Recommendations for Bible Study Leaders

Published on October 12, 2020 10:34:40 AM - Written by Robert Chambers

In 2 Corinthians 5:20, the apostle Paul declared that Christians are to be “Ambassadors for Christ” as though God were making an appeal through us urging all to be reconciled to God. Often this appeal is made person-to-person teaching the Good News of Jesus in individual Bible studies. With that in mind, this article is written to provide Bible study leaders with suggestions and recommendations about important things “to do” and “not to do” when conducting individual or small group Bible studies.

  • Before initiating the Bible study, get to know your students
    • Inquire about their religious backgrounds 
    • Listen carefully & do not interrupt
    • If they profess to be a Christian, ask when and how they became one 
      • This may identify future study topics and teaching opportunities
    • Briefly tell about your background as appropriate 
      • But don’t dwell on yourself
      • You are not the focus
    • Be open and earn their trust 
    • Set a relaxing tone for the study
  • Establish ground rules and agree to them 
    • The Bible must be the sole source of spiritual authority
    • Not religious traditions or human doctrines or institutional creeds 
  • Let the Bible do the teaching by citing books/chapters/verses
    • Examine the Biblical text together
    • Allow the student to see and read the text along with you
  • In teaching, be gentle, kind, not quarrelsome – you are soul winning not debating 
    • “The Lord’s bond-servant must not be quarrelsome, but be kind to all, able to teach, patient when wronged, with gentleness correcting those who are in opposition, if perhaps God may grant them repentance leading to the knowledge of the truth, and they may come to their senses and escape from the snare of the devil, having been held captive by him to do his will” (2 Timothy 2:24-26)
  • Never utter the words: “Well, I think . . .”  
    • Personal opinions don’t matter – we are interested in what God says
    • Always draw from God’s Word so you can confidently say:  “The Bible says . . .”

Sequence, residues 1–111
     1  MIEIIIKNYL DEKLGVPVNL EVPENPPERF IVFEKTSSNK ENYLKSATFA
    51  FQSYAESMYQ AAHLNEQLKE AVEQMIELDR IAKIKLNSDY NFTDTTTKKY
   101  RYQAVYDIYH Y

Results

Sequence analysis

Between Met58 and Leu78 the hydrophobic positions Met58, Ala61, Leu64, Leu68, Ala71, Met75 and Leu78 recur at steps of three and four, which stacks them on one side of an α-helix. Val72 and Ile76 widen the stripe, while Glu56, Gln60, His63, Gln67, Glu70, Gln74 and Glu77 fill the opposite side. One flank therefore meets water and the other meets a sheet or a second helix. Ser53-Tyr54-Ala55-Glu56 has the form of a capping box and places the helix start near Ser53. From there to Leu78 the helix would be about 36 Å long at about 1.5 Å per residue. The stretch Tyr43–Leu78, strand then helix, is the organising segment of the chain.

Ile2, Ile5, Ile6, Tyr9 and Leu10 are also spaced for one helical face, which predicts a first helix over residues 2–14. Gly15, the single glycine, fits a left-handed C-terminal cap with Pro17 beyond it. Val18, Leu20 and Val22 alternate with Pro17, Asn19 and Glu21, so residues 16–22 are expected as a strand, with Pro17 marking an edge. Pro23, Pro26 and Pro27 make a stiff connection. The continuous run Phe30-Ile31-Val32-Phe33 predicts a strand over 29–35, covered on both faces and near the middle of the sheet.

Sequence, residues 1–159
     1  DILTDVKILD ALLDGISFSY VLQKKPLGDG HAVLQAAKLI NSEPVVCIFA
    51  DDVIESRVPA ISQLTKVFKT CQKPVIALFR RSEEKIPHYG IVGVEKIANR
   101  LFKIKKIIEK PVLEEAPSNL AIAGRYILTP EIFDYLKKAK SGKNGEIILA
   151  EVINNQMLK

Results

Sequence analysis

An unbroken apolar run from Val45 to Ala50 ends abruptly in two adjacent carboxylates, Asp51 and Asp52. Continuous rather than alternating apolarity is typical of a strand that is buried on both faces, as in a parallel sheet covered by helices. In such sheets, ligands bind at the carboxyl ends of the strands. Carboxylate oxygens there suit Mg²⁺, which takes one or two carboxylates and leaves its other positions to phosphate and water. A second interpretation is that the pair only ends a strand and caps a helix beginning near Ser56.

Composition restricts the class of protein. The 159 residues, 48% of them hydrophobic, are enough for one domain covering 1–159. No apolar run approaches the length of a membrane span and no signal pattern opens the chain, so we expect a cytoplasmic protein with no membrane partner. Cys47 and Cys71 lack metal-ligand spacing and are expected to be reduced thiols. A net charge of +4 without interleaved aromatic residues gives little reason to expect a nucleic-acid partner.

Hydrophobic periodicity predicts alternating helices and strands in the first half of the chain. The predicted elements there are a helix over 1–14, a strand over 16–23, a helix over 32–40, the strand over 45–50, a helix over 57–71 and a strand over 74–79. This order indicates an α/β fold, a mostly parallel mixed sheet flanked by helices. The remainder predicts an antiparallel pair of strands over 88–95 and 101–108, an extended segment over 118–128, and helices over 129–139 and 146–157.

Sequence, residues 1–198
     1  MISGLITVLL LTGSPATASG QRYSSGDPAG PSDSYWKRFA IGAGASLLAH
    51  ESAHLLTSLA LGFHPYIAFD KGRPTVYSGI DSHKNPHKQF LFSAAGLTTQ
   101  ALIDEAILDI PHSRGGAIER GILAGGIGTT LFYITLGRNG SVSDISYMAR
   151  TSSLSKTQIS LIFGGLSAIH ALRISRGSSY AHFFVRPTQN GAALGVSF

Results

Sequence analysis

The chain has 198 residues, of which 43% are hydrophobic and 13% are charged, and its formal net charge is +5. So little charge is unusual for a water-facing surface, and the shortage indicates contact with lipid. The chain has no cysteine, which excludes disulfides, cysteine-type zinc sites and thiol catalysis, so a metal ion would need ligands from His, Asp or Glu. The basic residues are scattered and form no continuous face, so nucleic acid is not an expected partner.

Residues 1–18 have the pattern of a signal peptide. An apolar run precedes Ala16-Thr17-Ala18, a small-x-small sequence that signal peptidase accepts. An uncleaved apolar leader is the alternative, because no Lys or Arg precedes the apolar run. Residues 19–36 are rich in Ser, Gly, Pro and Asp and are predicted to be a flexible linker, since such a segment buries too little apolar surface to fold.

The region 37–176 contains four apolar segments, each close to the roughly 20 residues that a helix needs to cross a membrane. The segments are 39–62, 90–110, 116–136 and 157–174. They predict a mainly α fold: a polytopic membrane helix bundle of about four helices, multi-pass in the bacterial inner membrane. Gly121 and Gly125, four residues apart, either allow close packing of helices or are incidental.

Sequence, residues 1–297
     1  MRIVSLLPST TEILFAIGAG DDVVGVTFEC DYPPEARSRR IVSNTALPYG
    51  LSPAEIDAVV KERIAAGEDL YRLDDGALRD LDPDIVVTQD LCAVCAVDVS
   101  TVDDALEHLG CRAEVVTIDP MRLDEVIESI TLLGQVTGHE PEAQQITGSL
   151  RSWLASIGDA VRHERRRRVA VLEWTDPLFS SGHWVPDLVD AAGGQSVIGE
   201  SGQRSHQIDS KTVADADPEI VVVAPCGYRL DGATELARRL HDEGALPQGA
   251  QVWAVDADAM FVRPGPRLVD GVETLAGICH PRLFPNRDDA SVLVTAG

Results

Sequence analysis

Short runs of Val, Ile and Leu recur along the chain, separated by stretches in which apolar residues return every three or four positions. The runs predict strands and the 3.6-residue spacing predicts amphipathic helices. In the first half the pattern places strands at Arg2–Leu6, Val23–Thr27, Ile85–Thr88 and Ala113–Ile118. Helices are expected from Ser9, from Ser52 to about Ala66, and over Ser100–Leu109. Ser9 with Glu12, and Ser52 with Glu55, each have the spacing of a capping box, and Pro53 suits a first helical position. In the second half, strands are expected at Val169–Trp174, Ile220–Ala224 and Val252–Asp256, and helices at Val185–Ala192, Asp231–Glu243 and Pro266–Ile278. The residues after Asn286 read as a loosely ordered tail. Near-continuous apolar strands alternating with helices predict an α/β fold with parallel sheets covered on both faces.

• Then if there is a disagreement based on opinion, it becomes a contrast between:    
      • (Personal Opinion) versus (What the Bible says - Truth)
      • By relying on what the Bible says, you depersonalize and de-escalate disagreements
      • This keeps it from becoming an argument between (you) & (them)
      • Instead, it becomes a difference between (what Bible says) & (what someone thinks)  
  • Take time to pause for questions – allow new concepts to soak in
    • However, do not stray too far off topic 
    • Do not get totally bogged down or side-tracked
    • Remember the focus & goal
  • Be sure to cover the planned lesson content
    • You may only get one chance to meet/study with this person
  • Do not try to tackle topics that are too advanced, i.e., topics that they or you are not-equipped to understand or to teach at the present time
    • Instead, offer to address those topics in future studies after this study is finished
  • Always be willing to admit freely “I don’t know” – 
    • This shows that you are honest and that you are learning too
    • Assure them you will study to find Biblical answers that you don’t know
  • Do not be discouraged - Not everyone will believe and obey the Gospel
    • If someone turns away from the Truth – Do Not Take It Personally
    • They are not rejecting you – they are rejecting the Word, and that may change in the future
      • “The one who listens to you listens to Me, and the one who rejects you rejects Me; and he who rejects Me rejects the One who sent Me.”  (Luke 10:16)
    • Remember – Jesus, the Son of God, was rejected by many 
  • As Christians, our obligation is to teach
    • Our Goal is for them to hear the Truth so they can be equipped to make an informed decision
  • Outcomes will vary
    • Regardless, we can love & pray for them
    • The seed will have been planted – it may blossom in the future
  • After your study, maintain contact with your students
    • Let them know you are always there for them & willing to meet & discuss & support
    • Help them take the next step
    • Encourage fellowship with other Christians
    • Nurture their spiritual development

By doing these things, you will be serving as “Ambassadors for Christ”.

May God Bless you.